Comparison and Competition usually plays havoc with our self-worth, and divides even the closest of relationships. Yet we fall prey to the temptation, hoping maybe we’ll walk away satisfied with ourselves, or situations. Resisting the process takes effort, because the urge to compare are simply everywhere—social media—commercials on television—and with the people we associate with. One prime example of what comparing looks like is recorded in the Bible with the development of Jacob’s family in Genesis.
If ever there was a set-up for comparing and competition it was in this family dynamic. Jacob had two wives Rachel and Leah, who were also sisters (not to mention the personal servants they involved). In essence, as dysfunctional as it might’ve been, the offspring from Jacob and these women did in fact build the house of Israel. There isn’t much recorded about the two servants, other than being pawned to Jacob, and the children they bore to him, but it displays the nature of the relationship between the sisters. From the moment Jacob laid his eyes on Rachel, he was smitten. Funnily enough, Rachel was a shepherdess—that Jacob was so taken with her is interesting since his brother, Esau, was the outdoorsy type, and he’d been one to keep to the tents at home. Other than the fact that Rachel was easy on the eyes—beautiful in form and face, no other characteristics are mentioned to account for his “love at first sight” emotion. Unlike Rachel, Leah has weak eyes.
When I looked the transliteration of weak it used words like delicate, soft, and timid. Leah could’ve been shy, but what I picture is myself in the third grade when I squinted at the chalkboard. Apparently, I needed glasses. When I got them, it earned me that unpleasant nickname “Four-eyes”, and I began wishing I didn’t need them, but they did provide me clear vision to notice other things I admired in other girls, and then wished for in myself. Pardon my tongue-in-cheek confession.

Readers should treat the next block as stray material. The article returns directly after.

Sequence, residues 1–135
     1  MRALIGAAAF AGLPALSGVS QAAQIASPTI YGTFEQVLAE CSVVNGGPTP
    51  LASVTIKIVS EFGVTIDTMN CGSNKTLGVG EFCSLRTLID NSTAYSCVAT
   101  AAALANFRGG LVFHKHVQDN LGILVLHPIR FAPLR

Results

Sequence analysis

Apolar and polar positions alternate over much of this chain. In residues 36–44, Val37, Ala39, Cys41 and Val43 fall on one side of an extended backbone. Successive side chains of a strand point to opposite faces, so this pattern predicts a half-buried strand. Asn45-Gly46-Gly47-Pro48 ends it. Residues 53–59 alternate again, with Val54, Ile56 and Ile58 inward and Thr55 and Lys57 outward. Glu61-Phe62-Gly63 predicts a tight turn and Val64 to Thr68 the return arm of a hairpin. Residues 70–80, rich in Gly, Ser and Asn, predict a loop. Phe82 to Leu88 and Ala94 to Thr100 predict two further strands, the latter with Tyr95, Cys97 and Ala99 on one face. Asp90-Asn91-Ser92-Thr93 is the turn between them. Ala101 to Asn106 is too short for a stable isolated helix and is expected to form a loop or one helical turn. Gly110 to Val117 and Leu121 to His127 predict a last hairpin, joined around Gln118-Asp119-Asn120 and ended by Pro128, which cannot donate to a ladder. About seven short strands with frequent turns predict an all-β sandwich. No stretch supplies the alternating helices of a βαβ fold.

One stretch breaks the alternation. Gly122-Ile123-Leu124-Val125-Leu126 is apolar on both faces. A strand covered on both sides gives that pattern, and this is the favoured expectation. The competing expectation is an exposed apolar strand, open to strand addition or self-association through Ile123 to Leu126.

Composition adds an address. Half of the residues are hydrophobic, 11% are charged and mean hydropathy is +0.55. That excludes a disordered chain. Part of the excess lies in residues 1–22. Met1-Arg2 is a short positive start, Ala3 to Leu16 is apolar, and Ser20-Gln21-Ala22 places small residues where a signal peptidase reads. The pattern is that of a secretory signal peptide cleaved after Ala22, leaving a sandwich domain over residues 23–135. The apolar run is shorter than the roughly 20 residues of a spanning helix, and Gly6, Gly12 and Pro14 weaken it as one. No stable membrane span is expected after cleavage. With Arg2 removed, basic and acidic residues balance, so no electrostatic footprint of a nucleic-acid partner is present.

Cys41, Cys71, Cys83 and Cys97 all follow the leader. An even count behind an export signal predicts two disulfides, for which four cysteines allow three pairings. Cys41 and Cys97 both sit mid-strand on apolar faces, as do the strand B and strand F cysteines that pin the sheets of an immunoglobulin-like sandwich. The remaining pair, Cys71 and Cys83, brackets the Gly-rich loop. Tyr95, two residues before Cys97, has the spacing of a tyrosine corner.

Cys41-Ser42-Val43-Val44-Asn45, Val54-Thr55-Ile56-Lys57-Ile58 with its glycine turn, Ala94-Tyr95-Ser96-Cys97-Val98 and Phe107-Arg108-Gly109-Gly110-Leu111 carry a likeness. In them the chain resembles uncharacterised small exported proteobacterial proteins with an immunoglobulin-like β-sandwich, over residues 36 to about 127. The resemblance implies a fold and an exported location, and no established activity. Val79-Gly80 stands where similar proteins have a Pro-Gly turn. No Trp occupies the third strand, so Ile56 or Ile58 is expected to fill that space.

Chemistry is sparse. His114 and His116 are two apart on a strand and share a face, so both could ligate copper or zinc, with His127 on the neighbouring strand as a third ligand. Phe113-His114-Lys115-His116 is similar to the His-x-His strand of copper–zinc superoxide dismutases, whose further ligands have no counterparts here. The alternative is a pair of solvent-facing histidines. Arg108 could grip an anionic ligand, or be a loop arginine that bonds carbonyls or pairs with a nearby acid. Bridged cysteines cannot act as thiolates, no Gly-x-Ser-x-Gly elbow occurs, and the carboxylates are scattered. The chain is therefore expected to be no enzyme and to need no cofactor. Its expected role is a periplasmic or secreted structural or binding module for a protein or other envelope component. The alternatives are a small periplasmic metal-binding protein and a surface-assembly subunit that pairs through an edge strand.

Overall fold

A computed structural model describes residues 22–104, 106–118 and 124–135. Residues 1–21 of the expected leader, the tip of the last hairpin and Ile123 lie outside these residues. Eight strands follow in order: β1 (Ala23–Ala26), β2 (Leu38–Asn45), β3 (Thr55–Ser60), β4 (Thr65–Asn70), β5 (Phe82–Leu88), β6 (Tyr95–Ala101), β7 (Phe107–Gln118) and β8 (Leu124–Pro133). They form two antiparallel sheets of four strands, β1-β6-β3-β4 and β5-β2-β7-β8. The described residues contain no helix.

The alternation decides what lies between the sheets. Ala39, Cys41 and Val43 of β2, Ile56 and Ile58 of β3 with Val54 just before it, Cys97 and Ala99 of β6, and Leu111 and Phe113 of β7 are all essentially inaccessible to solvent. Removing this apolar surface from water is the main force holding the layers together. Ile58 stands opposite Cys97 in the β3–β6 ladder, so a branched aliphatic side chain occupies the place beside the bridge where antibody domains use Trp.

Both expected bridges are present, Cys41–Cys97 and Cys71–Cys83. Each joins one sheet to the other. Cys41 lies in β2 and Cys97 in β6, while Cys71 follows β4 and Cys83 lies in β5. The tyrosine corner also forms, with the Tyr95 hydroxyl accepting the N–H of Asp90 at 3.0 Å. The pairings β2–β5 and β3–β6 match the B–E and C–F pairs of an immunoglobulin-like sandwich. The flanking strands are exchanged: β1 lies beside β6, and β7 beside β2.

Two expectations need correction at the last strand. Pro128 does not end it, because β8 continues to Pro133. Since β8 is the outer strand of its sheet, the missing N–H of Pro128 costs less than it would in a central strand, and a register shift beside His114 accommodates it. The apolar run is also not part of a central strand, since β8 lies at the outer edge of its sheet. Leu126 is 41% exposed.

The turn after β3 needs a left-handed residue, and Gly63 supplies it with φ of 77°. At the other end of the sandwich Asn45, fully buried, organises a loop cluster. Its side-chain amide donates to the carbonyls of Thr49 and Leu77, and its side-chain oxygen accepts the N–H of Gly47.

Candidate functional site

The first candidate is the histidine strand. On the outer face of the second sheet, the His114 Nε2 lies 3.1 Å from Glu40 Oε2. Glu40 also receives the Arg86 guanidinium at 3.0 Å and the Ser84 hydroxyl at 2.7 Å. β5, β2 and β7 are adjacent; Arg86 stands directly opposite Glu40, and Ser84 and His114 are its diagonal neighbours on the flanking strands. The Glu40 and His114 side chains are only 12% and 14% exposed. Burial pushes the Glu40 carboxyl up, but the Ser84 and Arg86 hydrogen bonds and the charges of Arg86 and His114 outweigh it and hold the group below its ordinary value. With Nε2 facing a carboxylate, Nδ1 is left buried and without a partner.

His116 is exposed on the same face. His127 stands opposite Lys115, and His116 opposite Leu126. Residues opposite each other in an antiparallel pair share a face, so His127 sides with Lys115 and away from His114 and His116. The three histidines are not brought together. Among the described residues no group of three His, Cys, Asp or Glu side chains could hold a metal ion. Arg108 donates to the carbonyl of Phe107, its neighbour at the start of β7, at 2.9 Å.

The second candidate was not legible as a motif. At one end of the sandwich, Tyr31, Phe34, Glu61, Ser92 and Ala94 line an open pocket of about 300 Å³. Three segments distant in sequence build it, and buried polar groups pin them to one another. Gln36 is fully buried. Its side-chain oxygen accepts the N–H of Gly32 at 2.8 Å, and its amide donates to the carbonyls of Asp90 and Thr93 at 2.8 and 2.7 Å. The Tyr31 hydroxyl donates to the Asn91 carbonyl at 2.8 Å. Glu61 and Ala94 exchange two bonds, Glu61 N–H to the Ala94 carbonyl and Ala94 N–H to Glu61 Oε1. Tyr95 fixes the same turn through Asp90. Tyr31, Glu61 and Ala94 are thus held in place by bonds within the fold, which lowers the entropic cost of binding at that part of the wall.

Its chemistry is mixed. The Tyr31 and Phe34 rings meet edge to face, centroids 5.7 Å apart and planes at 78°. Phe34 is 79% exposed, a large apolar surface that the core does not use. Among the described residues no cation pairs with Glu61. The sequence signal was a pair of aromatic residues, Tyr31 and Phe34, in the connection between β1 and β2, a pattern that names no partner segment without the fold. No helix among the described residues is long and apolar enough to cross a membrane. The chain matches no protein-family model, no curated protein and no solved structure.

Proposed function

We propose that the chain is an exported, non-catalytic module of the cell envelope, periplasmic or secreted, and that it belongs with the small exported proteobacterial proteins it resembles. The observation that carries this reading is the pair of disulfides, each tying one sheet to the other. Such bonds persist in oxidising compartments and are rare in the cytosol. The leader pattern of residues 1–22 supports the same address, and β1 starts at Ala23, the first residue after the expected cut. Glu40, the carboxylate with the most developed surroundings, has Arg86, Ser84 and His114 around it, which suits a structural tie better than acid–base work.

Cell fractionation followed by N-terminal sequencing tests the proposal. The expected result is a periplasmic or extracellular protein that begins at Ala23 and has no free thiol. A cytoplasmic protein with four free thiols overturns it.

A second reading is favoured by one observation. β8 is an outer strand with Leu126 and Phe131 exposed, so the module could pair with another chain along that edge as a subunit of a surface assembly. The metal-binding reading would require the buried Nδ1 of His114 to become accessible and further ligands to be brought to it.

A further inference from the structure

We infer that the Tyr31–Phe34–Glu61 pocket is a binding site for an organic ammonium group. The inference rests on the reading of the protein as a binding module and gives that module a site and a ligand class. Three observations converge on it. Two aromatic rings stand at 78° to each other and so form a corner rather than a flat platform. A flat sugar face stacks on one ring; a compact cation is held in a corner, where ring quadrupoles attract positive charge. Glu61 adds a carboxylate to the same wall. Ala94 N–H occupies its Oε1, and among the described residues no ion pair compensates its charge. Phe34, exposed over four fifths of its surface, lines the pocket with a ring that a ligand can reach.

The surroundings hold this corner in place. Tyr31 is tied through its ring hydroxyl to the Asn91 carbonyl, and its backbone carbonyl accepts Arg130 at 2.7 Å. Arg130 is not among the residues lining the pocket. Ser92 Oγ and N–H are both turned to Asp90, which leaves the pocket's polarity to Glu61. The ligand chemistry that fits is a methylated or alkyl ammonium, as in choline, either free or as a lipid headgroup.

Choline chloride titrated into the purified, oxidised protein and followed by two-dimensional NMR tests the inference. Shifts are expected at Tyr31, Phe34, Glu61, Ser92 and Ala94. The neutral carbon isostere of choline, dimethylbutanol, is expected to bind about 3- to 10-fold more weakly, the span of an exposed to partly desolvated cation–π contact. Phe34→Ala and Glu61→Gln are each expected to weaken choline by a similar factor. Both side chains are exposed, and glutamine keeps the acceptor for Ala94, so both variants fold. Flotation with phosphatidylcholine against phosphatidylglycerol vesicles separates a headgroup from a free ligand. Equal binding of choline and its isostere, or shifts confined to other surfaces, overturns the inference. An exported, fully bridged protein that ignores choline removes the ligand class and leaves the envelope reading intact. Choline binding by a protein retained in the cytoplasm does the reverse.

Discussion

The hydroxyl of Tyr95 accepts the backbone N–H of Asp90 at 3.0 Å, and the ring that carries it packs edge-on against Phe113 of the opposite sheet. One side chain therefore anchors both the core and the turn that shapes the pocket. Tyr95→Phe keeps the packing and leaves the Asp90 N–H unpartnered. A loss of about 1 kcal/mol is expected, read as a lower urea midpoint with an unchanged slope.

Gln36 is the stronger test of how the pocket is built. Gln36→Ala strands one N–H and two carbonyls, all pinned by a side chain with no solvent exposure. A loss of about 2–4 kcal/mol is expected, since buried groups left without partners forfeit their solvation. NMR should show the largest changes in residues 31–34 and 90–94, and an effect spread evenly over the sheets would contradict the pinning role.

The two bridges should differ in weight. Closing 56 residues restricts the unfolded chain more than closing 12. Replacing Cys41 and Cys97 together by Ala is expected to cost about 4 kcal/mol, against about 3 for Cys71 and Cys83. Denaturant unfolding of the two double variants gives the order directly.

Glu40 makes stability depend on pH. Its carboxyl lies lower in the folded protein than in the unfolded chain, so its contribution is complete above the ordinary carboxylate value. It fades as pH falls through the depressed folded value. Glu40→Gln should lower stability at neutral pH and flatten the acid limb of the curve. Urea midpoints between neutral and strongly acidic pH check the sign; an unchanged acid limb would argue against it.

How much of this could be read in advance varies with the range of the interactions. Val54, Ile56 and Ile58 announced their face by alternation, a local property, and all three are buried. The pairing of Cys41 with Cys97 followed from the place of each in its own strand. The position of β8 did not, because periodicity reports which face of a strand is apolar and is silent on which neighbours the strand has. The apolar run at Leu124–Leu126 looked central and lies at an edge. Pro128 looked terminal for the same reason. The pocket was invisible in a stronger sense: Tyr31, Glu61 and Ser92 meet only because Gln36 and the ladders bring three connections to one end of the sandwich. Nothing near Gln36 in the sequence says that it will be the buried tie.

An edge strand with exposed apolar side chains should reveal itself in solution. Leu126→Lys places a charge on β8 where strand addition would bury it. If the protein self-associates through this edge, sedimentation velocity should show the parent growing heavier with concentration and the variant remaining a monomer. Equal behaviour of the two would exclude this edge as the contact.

Beauty is something most girls envy about another, and Leah wasn’t the pretty one. Jacob didn’t love her, which is why I’ve always felt rather sorry for her. Interestingly, however, when you read Rachel and Leah’s stories, it shows that they were both susceptible to the pitfall of focusing on their defects while magnifying the advantage of the other—Leah because of Jacob’s love for Rachel, and Rachel because of Leah’s ability to give Jacob sons.
I think it shows that no matter what another person or their life may look like, neither are perfect, or present the whole picture. In many cases, those individuals may be dealing with things we’re not aware of, and if we knew, we’d be less inclined to envy them.
Besides the gospels, Paul wrote much of what we now call the New Testament. His walk with Christ was one that could be esteemed, but his life was far from easy. Looking not around, but ahead, this is what he wrote:
2 Cor. 4:17 For momentary, light affliction is producing for us an eternal weight of glory far beyond all comparison, 18 while we look not at the things which are seen; but at the things which are not seen for the things which are seen are temporal, but the things which are not seen are eternal. NASB
The temptation to compare ourselves or our circumstances will likely continue to surface for most of us once in a while. Fortunately, we who look to Christ have His grace to help us redirect our focus on what lies ahead, knowing there is simply no comparison for what awaits.